Local entrepreneurs discuss challenges, offer solutions
By Charles Hallman
The idea for the recent MSR multi-part Black business series first came last year during a conversation with Twin Cities Black Film Festival Founder-Director Natalie Morrow. She decried the seemingly low support from Blacks for such annual events as hers.
MSR Editor-in-Chief Vickie Evans Nash later agreed with Morrow’s assertion and assigned me to investigate and report on how true or not true it is. Over the course of several months, after causal and on-record conversations with several local Black business owners, we produced the series beginning in late September.
Rather than ask about how financially successful these business persons are, the MSR instead inquired why they chose to start their own businesses, any unforeseen obstacles they may have faced and overcome, new challenges they currently face, and what advice and tips they might offer to anyone who might be thinking of becoming a business owner.
Nearly all of them, however, said in one way or another that the local Black community could be more supportive of Black-owned businesses. Their reasons for saying this varied and they didn’t reach any consensus as to why this may be.
“Black folk should do business with each other,” believes Golden Thyme Owner Michael Wright.
Eugene Banks, who owns and operates MetroCom Outlet in South Minneapolis, says the Black community, especially locally, seems to have lost the sense of supporting each other, an historic staple in pre-integration days.
Sammy McDowell, who owns and operates Avenue Eatery, points out that the Black community often does not recognize the “hidden treasures” located right in their own neighborhoods. “I believe that to a certain extent,” he explains. “I believe that a lot of times [Black businesses] aren’t visible. People don’t know that it’s a Black-owned [business] — that’s why it is not supported by the community.”
McDowell cited as an example his own shop, located on the corner of West Broadway and Emerson, where there are two fast-food places, a national pizza chain, a Chinese restaurant, and another food-order operation located just down the street from his place. “People coming past with their McDonald’s bags all day and they don’t even know or stop. Hey, we sell food, sandwiches and smoothies in here — come in here and try us out,” says McDowell.
Did we uncover any new ground? Probably not. But we hope we have added some useful information to the ongoing discussion.
It’s estimated that “Black dollars” circulate in our community at a lower rate — up to three times less — than dollars spent by others in their own communities, whether White or other people of color. This is the case not just here in the Twin Cities, but across the U.S. as well.
Whether this has been a cause for many local Black businesses having come and gone over the years is debatable. Personally, I try to spend my money with Black businesses as much as possible.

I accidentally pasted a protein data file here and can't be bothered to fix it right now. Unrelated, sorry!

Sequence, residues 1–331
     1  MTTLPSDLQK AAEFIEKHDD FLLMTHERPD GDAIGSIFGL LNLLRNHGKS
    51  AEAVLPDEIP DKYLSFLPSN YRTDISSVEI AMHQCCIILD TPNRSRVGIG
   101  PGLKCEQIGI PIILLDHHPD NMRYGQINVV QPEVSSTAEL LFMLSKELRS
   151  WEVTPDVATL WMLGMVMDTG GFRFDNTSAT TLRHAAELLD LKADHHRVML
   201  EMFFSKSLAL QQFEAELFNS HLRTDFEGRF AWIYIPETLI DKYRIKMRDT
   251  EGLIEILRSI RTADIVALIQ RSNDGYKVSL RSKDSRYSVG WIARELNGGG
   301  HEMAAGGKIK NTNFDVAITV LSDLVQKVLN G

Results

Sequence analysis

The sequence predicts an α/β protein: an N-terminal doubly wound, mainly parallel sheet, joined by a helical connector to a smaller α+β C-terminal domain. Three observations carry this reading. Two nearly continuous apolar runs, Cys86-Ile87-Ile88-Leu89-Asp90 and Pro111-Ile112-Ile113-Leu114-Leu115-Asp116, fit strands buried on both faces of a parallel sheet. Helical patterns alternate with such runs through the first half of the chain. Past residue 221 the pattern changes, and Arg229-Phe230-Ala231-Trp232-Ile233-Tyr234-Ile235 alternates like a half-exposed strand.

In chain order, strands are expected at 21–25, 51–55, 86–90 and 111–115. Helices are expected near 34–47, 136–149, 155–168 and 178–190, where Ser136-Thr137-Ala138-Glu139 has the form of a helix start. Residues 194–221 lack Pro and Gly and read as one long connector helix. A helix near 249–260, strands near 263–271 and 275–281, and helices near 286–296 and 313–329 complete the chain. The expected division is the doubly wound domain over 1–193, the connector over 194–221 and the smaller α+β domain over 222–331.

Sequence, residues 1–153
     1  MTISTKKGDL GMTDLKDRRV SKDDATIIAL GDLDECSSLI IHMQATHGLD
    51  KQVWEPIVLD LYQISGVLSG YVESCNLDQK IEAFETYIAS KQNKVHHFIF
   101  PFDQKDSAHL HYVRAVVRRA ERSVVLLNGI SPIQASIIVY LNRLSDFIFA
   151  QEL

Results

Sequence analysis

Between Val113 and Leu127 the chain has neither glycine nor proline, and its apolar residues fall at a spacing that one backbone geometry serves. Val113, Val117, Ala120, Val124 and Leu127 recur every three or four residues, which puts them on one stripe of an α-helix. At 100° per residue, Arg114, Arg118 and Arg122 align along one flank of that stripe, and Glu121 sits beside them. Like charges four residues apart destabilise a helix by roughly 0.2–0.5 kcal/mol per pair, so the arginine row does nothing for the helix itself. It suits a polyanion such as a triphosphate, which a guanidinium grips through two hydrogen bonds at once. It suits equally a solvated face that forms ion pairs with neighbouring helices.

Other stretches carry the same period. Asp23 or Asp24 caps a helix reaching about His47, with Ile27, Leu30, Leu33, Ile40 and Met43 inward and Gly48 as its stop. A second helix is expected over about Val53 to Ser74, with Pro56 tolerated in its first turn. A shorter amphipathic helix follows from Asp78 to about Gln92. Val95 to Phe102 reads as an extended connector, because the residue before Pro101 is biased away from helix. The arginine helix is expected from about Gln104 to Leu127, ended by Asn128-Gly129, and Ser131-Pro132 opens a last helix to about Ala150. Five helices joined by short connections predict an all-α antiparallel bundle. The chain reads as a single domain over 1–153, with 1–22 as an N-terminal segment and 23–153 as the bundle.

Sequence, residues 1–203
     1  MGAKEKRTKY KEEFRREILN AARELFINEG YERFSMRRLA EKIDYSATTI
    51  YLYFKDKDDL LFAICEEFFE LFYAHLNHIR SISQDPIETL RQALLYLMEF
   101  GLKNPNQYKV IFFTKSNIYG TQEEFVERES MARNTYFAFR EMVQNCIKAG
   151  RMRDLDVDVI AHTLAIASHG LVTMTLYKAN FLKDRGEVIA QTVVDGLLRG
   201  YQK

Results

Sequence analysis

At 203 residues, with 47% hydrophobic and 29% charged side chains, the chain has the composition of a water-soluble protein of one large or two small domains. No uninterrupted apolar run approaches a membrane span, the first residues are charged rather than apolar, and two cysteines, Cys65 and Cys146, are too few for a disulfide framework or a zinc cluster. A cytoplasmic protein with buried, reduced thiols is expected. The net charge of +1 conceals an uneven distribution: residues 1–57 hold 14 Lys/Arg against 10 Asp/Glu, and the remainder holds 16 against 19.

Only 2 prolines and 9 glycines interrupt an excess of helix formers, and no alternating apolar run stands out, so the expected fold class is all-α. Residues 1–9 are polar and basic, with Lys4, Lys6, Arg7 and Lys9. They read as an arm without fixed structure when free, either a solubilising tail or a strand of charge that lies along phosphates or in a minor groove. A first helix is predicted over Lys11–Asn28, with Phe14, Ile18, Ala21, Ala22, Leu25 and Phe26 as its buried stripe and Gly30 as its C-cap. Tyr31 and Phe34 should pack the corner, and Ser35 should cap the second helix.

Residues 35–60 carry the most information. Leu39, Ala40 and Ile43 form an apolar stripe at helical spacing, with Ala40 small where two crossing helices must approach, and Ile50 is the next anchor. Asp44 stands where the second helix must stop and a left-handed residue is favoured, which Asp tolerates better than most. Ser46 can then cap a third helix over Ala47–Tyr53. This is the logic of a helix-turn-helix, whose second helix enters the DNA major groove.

Unfortunately, I’ve seen too many Black businesses I faithfully patronized close their doors. However, there are some businesses, whether they’re Black-owned or not, that I don’t spend my time or dollars in because of poor customer service.
Furthermore, I know other Blacks who don’t or won’t shop with Black businesses for similar reasons, or who feel they “can’t get a deal,” or simply due to perceived cultural competency, i.e. the belief that White businesses are superior and Black businesses are inferior. The manifestation of that is that Black businesses are often underestimated, underutilized and marginalized.
The “Buy Black” movement has existed elsewhere for several years now but hasn’t picked up much steam locally. “We have to dispel [the myth] that Black folk cannot do business together,” says Wright, who adds he doesn’t favor the idea of a “cash mob” approach to spending Black dollars with Black businesses.
“I love the thought of it, but it needs to be a bit better thought out. I’d rather see 10 to 20 people a day instead of 50 to 100 people in one day, because we couldn’t support the capacity. Let us as a ‘cash mob’ be more organized. Instead of just dropping in [a large number of people], let’s spread it out throughout the Twin Cities so everybody can feel the immediate impact on the bottom line.”
Joseph Wallace, president of Independent Packing Services, Inc. (IPSI), feels he’s already receiving the support of the local Black community. Located in Burnsville, IPSI employs “just under 50 employees,” says Wallace.
“There is tremendous support [from the Black community]” for his firm, he says. “As a community, how do we help and support each other in moving forward? How do we do more business-to-business with each other instead of sending out those revenue dollars somewhere else? We have to bring value and be competitive.”
We hope the Black business series has sparked conversations about businesses owned by Blacks. Do Black businesses deserve our support simply because they are Black? Do they owe us something in order for us to support them? This is debatable, and our series’ intention was not to convince Black readers and others one way or another but to be informative.
Finally, the series that concludes this week isn’t a one-story process, but instead invites more stories to come.
Charles Hallman welcomes reader responses to firstname.lastname@example.org
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